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Despite my interest in politics, I have no plans to run for political office anytime soon. While I firmly believe that political participation is important at any age, the rush of millennials to run for public office in the wake of Donald Trump’s presidency is an ineffective and reactionary approach, and it’s not what America needs right now. College-aged students are inexperienced, unprepared and are substituting legislation for political activism and protest.
Democracy rests on people’s ability to respectfully disagree. When America’s democratic fabric has eroded to the point where political opponents become incorrigible enemies, the last thing it needs is more incivility. Unfortunately, incivility is the type of discourse many people seem to promote.
After completing my first year at Dartmouth, taking a step back from campus life was almost as overwhelming as plunging into it. Life back in the “real” world moves slowly, particularly if one’s off-term does not include an internship, a research grant or any other educational endeavor. Friends go home at the day’s end, and no regularly scheduled club meetings fill up one’s evenings. Students find themselves with a lot of free time and little idea of what to do with it.
Activism can seem like a dichotomy, with little leeway between social justice warrior and champion of the status quo. But limiting people to these two categories obscures the effectiveness of a quieter form of activism that occurs within, not against, the status quo.
A friend, a relative, an Olympian and an old teammate: Four people who, though they did not do so knowingly, contributed in one way, shape or form over the past week to challenge my view of the world. It may sound hyperbolic, or tinged with shades of a philosophical game of Clue, so let’s start somewhere light: Green Key.
May is Asian-American and Pacific Islander Heritage Month (AAPIHM) in the United States, and Dartmouth has been recognizing the month through programming over the past few weeks. The theme of this year’s AAPIHM at Dartmouth has been “Counter Currents: Beyond the Surface,” which was meant to highlight and uplift identities and narratives that are typically subsumed and homogenized within mainstream definitions of “Asian,” “Asian-American” and “Pacific Islander.” Much of the programming planned by this year’s AAPIHM committee has centered around deconstructing perceptions of identity and making new connections and solidarities with those identities, which typically do not get included in popular discourse of what being “Asian” is. This impulse toward further reflection, critique and inclusion in Asian-American and Pacific Islander communities should be lauded. In my view, Pan-Asian activists and community members should take a step further and seek to deconstruct how “Asia” emerged as a geographical unit in order to understand how and to what degree myriad people from various populations in “Asia” do and do not self-define as “Asian.”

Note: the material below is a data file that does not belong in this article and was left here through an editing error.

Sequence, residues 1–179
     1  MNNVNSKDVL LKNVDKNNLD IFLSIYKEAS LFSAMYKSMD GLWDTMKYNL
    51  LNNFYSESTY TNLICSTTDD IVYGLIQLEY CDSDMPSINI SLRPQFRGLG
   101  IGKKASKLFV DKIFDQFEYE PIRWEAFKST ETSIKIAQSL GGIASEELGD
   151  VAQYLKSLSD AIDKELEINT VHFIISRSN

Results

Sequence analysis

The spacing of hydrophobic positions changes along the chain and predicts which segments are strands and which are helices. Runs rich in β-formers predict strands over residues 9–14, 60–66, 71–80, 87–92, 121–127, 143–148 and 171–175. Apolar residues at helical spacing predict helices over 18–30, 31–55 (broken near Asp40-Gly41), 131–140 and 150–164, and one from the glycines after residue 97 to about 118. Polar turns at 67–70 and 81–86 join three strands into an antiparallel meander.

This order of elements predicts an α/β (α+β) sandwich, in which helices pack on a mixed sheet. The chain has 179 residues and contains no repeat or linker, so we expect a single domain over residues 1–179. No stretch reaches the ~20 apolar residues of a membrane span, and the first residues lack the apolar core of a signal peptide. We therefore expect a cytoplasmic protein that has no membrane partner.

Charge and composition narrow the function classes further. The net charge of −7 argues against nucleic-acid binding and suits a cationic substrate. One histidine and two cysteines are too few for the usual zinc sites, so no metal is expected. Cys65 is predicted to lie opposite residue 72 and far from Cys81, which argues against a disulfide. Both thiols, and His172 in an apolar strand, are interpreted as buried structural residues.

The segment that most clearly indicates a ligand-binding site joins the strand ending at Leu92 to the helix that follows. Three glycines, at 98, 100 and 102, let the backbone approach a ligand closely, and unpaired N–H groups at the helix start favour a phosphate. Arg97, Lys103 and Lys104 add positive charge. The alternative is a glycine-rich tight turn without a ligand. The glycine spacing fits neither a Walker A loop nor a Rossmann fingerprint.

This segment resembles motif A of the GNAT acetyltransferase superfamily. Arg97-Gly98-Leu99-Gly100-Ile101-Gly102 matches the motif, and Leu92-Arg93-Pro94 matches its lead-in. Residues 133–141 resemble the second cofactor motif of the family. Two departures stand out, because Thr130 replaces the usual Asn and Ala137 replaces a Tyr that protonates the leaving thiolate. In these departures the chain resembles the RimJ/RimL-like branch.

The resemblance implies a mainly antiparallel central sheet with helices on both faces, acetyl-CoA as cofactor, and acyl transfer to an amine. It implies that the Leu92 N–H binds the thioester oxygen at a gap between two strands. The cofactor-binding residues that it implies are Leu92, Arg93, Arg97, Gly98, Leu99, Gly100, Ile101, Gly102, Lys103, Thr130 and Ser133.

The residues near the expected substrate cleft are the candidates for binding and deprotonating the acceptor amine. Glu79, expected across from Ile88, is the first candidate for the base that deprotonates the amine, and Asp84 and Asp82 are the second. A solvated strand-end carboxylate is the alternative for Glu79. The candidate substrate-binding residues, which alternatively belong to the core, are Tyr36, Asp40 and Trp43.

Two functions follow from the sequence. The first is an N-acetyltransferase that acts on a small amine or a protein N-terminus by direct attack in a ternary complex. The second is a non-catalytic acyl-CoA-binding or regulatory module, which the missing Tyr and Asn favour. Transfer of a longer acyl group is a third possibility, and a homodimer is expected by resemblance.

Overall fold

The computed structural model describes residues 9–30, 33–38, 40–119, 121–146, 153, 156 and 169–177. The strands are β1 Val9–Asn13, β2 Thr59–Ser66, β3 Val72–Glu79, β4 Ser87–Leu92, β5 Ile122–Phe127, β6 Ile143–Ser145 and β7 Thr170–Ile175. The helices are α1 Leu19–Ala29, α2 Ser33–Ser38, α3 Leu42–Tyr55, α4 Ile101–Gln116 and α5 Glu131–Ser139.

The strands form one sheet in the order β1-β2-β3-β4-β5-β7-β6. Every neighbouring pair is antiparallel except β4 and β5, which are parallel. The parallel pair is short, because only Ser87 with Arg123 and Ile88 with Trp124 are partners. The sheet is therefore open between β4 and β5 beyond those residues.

I don’t mean to open old wounds, but it’s time to have a conversation about the 2016 election and its media coverage. In an age when various kinds of media have more influence over political campaigns than ever before, the 2016 election stands out. The vast and particularly damning negative coverage of Donald Trump, which did little to slow his campaign, seems to be reflective of an era during which the conventional wisdom of “no coverage is bad coverage” is correct. If this is true, how should the public consider and value the media coverage of campaigns, and to what extent do politicians themselves now play a role in creating their own press?
Phones are windows to a digitized world, and people are on either side. The beat of a finger tapping is staccato, like a modern-day attention span. Memory has become a camera that is never turned off. Meet the Millennials.
For students considering pursuing a career in either the government or nonprofit sectors, the Public Service Loan Forgiveness Program may seem ideal. For example, the average medical student’s debt is $190,000. But as over 75 percent of hospitals are public or nonprofit, 95 percent of these loans are eligible for forgiveness under the Public Service Loan Forgiveness Program. Teachers, Peace Corps workers and many other professionals are also eligible.
My favorite YouTube channel is “i’m cyborg but that’s ok,” named after a 2006 South Korean romantic comedy film called I’m a Cyborg, But That’s OK directed by Park Chan-wook. The YouTube user edits feature-length films, mostly independent Asian or French new-wave cinema, down to two to five minutes and pairs the visuals with a song. Similar YouTube users who are less careful about acknowledging content rights have had videos removed. There is an art to splicing and editing, and copyright law should take into account the value of using found footage to allow for reflections of the fragmentation and intertextuality of modernity. YouTube edits create an aesthetic of transnational, transtemporal coolness — little-known gems of art from different parts of the world and different times that come together through a shared emotional core.
In the United States, as in many Anglophone countries, each voter lives within a legislative district and is awarded one vote. The voter then casts that vote for a candidate, and the candidate with the most votes wins. Each district elects one member, has one
President Donald Trump has made a grand show of the Iran nuclear deal. The Joint Comprehensive Plan of Action, often referred to by its acronym JCPOA, enjoys broad international support. The JCPOA isn’t perfect, but it includes about as many concessions as the Iranians are willing to give. So far, the deal has worked, significantly decreasing Iran’s capacity to develop nuclear weapons. And let’s not forget: the alternative to the JCPOA is not a better deal. The alternative is an unchecked Iran on a rapid path to a nuclear bomb.